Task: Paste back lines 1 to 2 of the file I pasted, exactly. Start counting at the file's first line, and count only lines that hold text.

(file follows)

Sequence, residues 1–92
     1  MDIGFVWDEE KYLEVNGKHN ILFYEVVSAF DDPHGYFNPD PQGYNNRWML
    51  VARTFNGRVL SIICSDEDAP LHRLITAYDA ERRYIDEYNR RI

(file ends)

Sequence, residues 1–92
     1  MDIGFVWDEE KYLEVNGKHN ILFYEVVSAF DDPHGYFNPD PQGYNNRWML